Monday, May 31, 2010
Heavenly Hazelnut Pie
1 1/4 cup coarsely chopped hazelnuts
1 6oz package of choclate chips
1 9 inch pie shell, unbaked
3 large eggs
1 cup of honey
1/2 teaspoon vanilla
1/4 cup (1/2 stick) butter, melted and cooled
Sprinkle nuts and chips over the bottom of the pie shell. In a medium bowl, whisk together the eggs, honey, and vanilla. Blend in the butter and pour the mixture into the pie shell. Bake at 325 degrees for 50 to 60 minutes or until firm. Serve slightly warm or at room temperature. Makes eight rich servings.
Optional: serve with ice cream.
Since I had two pie shells, I decided to try a little variation on the recipe. I only had enough liquid honey on hand for one pie ( an embarrassing confession for someone who owns a bee supply store and sells honey), so I used brown sugar for one pie rather than honey and substituted butterscotch chips for the chocolate chips. Both pies turned out very well and set up nicely. Linda told me that they truely were heavenly. However, she liked the original recipe chocolate chip version better. I used three duck eggs in each pie which is probably the equivalent of using four chicken eggs.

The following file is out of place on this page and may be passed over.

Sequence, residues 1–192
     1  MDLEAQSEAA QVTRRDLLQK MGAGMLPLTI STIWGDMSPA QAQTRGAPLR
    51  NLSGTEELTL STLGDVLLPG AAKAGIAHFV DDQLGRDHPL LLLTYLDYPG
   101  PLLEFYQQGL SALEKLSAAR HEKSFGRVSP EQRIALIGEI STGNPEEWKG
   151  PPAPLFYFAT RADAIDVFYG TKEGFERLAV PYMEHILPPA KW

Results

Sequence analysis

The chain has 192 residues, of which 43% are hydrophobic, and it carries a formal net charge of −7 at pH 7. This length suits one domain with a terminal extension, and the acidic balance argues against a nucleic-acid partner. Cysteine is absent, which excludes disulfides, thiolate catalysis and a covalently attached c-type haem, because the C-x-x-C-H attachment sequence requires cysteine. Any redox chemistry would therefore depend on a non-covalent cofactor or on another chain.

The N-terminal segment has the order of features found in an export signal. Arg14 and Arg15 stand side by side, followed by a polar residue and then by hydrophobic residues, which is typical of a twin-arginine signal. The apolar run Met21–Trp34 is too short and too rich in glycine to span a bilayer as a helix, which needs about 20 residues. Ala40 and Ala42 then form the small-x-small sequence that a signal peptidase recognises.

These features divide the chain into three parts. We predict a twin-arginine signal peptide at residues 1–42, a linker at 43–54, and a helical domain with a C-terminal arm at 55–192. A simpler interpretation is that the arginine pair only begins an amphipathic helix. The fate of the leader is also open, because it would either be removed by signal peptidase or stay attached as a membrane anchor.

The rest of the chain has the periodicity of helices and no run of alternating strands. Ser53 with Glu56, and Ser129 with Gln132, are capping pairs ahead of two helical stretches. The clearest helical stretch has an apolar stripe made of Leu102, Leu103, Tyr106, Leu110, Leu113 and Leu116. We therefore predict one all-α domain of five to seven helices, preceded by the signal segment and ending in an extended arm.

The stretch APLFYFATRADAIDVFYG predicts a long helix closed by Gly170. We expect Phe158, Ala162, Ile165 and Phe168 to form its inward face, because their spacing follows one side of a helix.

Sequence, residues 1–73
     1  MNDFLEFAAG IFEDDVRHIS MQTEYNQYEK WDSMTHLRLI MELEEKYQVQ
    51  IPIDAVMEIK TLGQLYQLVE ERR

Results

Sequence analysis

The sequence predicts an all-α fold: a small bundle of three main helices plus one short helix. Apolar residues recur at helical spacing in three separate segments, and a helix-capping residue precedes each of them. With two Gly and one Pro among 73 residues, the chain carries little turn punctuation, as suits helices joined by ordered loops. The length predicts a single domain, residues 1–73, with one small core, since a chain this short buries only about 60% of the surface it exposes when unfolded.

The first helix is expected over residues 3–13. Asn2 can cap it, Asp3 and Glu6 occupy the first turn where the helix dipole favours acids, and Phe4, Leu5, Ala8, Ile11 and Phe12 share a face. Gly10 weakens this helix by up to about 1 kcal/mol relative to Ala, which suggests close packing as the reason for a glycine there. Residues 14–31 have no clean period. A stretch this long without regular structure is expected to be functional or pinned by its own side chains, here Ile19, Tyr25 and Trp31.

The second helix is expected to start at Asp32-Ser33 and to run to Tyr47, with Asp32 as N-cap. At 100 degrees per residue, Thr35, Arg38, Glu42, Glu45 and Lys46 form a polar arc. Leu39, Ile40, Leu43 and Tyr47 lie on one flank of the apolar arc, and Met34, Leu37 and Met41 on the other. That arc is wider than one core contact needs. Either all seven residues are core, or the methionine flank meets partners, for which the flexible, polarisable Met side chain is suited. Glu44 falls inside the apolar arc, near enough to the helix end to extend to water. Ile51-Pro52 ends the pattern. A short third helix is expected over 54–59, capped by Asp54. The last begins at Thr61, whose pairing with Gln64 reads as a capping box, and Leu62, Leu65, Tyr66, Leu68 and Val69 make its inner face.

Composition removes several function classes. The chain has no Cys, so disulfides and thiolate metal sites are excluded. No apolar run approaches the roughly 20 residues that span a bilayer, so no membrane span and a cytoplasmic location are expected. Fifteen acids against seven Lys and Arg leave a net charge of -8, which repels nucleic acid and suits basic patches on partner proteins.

I use a pie crust recipe from the Mormon Family cookbook. It really is a pretty simple recipe and turns out well. The recipe for the pie crust is as follows:
2 1/4 cups flour
1 teaspoon salt
3/4 cup vegetable shortening
1/3 cup cold water
I usually just put in half a teaspoon of salt and sometimes I omit the salt. I blend the flour and shortening with a pastry cutter and then add the water gradually while I toss the flour and shortening mixture with a fork. I'll try to get some pie pictures uploaded tomorrow.
It actually was sufficiently warm and dry this afternoon that I was able to go through a few beehives. I was pleasantly surprized to discover that one overwintered colony has put away about eighty pounds of maple honey. I knew they had stored some maple honey, but I didn't expect that much. We don't get maple honey every year as it depends if the weather is warm enough and dry enough for the bees to forage when the maples are in bloom, usually during April. Some years it seems to rain the whole time the maples are blooming. Not everyone likes maple honey as it has a strong menthol flavor. Some people even describe it as tasting like cough syrup. I like it, but I can understand why many people don't.